Friday, March 4, 2011

Gatchaman Theme & ADV Series

The original Gatchaman was revisited and re-dubbed in English by ADV with artwork by none other than acclaimed comic book artist Alex Ross to give it a new shine in 2005.

I took some time to give the 2005 ADV translation of Gatchaman a chance. The original Japanese series was released in a set of nine [9] gorgeous Collection Boxes complete with eighteen [18] Volumes in total complete with extras galore. As I mentioned in my earlier post on Battle Of The Planets, I purchased the whole set at one point. They are pretty good size boxes too. I was thrilled about them, but they ultimately sat on the shelf collecting dust and in a moment of complete and utter irrationality I decided to sell them on ebay. WHAT!? Someone got a great deal! I shouldn't have done it, because they are now out of print, but, in a moment of weakness, I opted to avoid life as hoarder, a condition many collector's battle and make every effort to keep in check.
To be honest, the new Gatchaman dub- well, it's okay. I'm quite torn really. It would take some getting used to especially because I was weened and spoiled by those tremendous voice talents [Casey Kasem, Janet Waldo, Ronnie Schell, etc.] hired for Battle Of The Planets. Admittedly, the nostalgia factor [or blinder] is always strong, like the force, and getting passed my love for the original dub on Battle Of The Planets is a major obstacle personally. Yet, the original Gatchaman, uncut and unedited, is preferable on a visual level. It was just really hard for me to be open to the new English dub. ADV retains those Gatchaman originals in their uncut and unedited video form, but part of me enjoyed and prefers the Japanese audio track even more than the new English dub. Perhaps it interferes far less with my loyalty to the original, far superior English voice track of Battle Of The Planets. I know it's not fair to compare, but sometimes it's hard to break from those classics and my bias is showing here.
ADV, in my humble opinion, did not voice cast this series well. Some of the voices seemed miscast to their parts especially the voice of Berge Katse [a.k.a. Zoltar]. The voice of the enemy was exceptional on Battle Of The Planets, performed by Keye Luke [another tremendous voice asset on that aforementioned series], but this is just one example of my inability to accept the new offering. Honestly, the level of talent on Battle Of The Planets complemented the Tatsunoko animation in such a way that it truly elevated Battle Of The Planets warts and all. The voice cast selected by ADV simply can't compare. Although my inner ten year old may be exhibiting or demonstrating some real bias here, seeing them both recently I still consider Battle Of The Planets the superior dub on voice actors. Those with no built-in predisposition for the Sandy Frank classics should indeed hunt down the ADV set. It'll be a bit like living in a small town in a freedom-choked country with no Internet access. Watching it will be just fine because it'll be all you know.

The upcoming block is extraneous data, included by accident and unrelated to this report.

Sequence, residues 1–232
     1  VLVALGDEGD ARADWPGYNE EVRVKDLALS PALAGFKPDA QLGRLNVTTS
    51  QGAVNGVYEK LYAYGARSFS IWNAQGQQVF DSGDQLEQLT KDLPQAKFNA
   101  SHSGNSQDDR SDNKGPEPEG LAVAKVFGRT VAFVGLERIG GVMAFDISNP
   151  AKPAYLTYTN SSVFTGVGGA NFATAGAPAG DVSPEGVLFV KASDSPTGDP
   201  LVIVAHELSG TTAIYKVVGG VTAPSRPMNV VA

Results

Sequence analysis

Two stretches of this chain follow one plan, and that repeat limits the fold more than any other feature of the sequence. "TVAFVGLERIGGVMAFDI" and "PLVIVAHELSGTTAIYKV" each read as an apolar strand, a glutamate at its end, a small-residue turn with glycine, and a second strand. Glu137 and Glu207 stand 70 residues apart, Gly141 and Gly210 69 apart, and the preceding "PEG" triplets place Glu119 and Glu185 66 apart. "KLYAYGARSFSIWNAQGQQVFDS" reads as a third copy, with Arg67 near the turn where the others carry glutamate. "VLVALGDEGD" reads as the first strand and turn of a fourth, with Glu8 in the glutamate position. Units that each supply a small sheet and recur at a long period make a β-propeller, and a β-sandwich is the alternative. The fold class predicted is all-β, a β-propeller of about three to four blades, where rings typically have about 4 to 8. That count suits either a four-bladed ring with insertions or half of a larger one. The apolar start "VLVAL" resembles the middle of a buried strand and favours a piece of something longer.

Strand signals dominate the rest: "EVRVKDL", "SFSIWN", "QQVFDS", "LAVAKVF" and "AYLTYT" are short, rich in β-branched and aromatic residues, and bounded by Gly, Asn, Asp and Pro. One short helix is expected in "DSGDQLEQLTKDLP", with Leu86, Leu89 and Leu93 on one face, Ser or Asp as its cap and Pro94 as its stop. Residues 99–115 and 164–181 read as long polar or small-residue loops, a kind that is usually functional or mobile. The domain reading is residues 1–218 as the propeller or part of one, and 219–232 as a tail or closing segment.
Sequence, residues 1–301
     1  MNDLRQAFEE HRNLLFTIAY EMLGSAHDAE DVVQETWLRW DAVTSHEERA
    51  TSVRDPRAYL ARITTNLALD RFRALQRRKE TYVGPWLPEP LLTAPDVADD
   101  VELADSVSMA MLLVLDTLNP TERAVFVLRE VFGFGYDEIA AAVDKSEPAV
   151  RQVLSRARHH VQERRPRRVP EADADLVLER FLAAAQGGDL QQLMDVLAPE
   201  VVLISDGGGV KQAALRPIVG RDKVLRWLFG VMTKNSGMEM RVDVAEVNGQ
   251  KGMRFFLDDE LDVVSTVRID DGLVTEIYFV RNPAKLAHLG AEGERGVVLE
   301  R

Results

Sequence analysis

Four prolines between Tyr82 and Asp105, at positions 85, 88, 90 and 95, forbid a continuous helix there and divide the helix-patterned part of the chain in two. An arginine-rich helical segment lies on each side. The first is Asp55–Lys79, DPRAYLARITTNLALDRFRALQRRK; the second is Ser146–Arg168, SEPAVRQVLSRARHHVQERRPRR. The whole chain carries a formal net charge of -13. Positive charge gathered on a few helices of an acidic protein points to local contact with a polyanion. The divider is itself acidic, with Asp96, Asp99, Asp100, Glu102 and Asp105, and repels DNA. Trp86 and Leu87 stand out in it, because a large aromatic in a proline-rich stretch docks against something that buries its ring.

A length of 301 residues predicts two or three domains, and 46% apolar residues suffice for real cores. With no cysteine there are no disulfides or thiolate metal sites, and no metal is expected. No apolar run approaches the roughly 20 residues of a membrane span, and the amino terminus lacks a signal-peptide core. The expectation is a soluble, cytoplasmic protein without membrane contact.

The cover art on these ADV releases is impressive by Alex Ross [a big fan of Battle Of The Planets] and as much as the original Gatchaman is a thriller it's hard for me to fully make the embrace.
In the meantime, I took time to record the original Gatchaman theme in its untouched, unedited form. The new ADV translation utilizes the classic Gatchaman theme in its beautiful, original form. It certainly matches the Hoyt Curtin number recorded for Battle Of The Planets. Visually, with it, you get a real flavor for the original Gatchaman series minus 7-Zark-7 and all of the added American footage found in the Battle Of The Planets theme. This is truly how Gatchaman was intended. Enjoy.
The ADV Gatchaman releases are now out of print along with the Battle Of The Planets Rhino releases. Sandy Frank lost the Battle Of The Planets license in 2007. Unfortunately, all of it is becoming quite scarce. It's a sad commentary on the much bigger anime picture and the state of finding quality, legal anime in the USA. Of course getting rare copies beats Polaroid-only snapshots of my favorite scenes from my youth or frosty VHS. Be prepared for tough finds. I realize today that, for me, I can never really replace the feeling of what that version of Battle Of The Planets meant to be growing up. No dub or reissue of any kind can supplant the adoration and love I had for that Sandy Frank version called Battle Of The Planets. Quite simply, nothing will replace it or those childhood dreams. The complete series was issued in the United Kingdom, but never came to fruition stateside. And to think, the likelihood of seeing the 85 episode series officially released one day in its entirety in the USA as a distinct impossibility is a sad fact of this adult's reality.
There's a planned Gatchaman CGI feature film by Imagi [Astro Boy] near completion. Perhaps that will be the fuel that sees Battle Of The Planets see the light of day, but somehow I suspect that window may be closing. My inner ten year old will keep hoping that one day our favorite blue Phoenix will rise again.

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